Tris is outfitted with a bulletproof vest. Like a Ford Model-T, she can have any color she wants… as long as it's black. This is to prepare her to go to the fringe with Amar and George.
On the patrol, Tris asks Amar is he believes in all this genetic damage nonsense. He kind of does, and Tris can't believe he thinks that way, having lived inside Chicago and everything.
Tris, Amar, and George get to a little village on the fringe, which looks like a set from District 9, and a little boy runs off screaming "Raid!" (34.32). What? Are they approaching with a can of bug spray?
Amar explains that the people sometimes think they're soldiers out to hurt them.
The others spread out to set up some equipment (that's as specific as the orders get), but a gunfight breaks out, and George is in danger.
Tris gets lost heading toward the direction of the gunfire, and an old woman named Amy appears out of nowhere. Amy lets Tris know that people aren't genetically damaged, and she says that the ridiculous Chicago experiment should be disbanded. She sends Tris away and is never heard from again.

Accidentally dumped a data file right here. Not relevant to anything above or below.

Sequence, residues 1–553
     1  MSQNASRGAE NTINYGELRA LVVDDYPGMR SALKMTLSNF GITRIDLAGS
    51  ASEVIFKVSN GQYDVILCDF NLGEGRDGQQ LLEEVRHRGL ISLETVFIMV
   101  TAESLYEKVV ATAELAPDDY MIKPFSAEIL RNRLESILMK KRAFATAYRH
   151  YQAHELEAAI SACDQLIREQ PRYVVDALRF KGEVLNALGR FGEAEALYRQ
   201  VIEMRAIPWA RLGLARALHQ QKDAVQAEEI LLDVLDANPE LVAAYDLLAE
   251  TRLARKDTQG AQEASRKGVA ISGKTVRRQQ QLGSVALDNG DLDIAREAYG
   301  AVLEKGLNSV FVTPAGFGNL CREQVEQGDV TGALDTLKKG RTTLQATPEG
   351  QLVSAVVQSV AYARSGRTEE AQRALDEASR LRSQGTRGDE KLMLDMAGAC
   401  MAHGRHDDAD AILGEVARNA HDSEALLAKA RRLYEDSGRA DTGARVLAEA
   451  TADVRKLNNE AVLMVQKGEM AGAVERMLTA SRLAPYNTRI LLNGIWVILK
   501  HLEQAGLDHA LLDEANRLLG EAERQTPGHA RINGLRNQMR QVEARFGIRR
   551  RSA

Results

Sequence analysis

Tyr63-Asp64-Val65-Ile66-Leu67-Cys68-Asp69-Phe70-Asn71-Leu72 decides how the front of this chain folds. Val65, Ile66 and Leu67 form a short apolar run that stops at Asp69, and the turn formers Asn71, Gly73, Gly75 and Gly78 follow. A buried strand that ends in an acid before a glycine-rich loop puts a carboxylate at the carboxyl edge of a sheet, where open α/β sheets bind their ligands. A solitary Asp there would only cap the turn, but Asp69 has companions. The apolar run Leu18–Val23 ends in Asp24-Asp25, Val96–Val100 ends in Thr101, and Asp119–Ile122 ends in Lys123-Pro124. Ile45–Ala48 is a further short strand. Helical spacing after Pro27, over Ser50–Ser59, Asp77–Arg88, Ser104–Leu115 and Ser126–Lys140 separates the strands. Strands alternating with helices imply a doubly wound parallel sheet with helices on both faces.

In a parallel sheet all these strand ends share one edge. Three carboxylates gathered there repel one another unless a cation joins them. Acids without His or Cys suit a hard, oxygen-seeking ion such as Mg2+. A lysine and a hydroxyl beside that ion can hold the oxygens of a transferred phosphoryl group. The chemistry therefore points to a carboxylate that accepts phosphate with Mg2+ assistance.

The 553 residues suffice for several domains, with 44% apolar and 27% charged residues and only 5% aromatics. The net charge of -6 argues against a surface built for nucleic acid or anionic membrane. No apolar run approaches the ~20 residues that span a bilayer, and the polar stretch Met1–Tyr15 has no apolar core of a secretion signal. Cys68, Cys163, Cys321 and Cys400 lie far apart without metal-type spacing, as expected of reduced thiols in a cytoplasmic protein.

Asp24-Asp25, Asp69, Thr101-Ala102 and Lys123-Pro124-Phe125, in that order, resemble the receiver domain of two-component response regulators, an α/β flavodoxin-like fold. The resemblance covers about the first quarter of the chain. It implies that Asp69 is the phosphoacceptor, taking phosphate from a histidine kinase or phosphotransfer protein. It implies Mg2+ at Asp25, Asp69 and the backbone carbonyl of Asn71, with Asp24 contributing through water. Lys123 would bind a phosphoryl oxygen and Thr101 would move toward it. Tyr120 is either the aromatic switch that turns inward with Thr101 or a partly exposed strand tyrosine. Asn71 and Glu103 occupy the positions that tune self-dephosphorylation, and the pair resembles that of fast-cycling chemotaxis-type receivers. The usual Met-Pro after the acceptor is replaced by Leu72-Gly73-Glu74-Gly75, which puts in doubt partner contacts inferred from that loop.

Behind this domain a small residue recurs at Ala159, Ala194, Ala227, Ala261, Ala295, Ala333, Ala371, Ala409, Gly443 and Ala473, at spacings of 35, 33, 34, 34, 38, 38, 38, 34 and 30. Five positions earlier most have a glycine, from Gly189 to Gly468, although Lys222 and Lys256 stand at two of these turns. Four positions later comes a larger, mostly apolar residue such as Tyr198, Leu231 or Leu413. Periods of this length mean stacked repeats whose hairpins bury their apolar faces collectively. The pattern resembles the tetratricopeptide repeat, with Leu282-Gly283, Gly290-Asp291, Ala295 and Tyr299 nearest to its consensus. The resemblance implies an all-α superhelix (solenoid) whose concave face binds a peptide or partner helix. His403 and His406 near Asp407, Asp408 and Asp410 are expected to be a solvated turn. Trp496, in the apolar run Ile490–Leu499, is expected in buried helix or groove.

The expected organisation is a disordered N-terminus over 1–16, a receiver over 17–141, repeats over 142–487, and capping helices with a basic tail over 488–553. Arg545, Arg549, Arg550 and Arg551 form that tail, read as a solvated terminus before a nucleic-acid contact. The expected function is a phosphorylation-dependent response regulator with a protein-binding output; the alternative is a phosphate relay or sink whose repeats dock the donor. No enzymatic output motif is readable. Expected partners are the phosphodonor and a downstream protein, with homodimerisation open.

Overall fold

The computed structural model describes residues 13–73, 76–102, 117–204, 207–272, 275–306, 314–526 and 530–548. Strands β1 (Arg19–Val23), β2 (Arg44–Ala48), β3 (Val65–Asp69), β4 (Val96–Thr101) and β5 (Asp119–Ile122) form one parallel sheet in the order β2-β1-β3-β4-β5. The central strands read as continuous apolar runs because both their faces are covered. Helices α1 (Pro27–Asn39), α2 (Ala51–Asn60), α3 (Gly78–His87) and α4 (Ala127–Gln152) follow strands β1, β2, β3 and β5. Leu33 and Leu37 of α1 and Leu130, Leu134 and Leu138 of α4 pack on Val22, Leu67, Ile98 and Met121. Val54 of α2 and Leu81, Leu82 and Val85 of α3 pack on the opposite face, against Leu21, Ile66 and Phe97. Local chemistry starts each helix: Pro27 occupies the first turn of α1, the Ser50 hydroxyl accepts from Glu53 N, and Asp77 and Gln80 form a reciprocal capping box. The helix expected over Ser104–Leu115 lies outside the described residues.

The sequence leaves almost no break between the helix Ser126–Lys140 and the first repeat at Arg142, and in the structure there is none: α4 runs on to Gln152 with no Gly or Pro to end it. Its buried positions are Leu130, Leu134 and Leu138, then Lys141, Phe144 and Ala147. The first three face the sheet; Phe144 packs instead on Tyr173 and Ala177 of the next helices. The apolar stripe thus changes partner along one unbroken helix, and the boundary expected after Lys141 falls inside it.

Tris finally finds George, who is being held at gunpoint by a small boy.
With surprise on her side, Tris jumps out and tells the boy to drop his gun.
The boy doesn't. But then he does when Amar pops out and outnumbers him.
Amar wraps George up in a big ol' bear hug and asks Tris, "Still don't think genetic damage is to blame for any of these troubles?" (34.83).
Tris, who is able to see that things like—oh, we don't know—poverty and desperation lead to crime, says, "No […] I don't" (34.85).
On the way back to the Bureau, Amar lets Tris know that he and George are more than just bunkmates, if you get our drift, but he implores her not to tell anyone. "The Bureau is obsessed with procreation" (34.113).
Tris agrees to help him stay in the post-apocalyptic closet.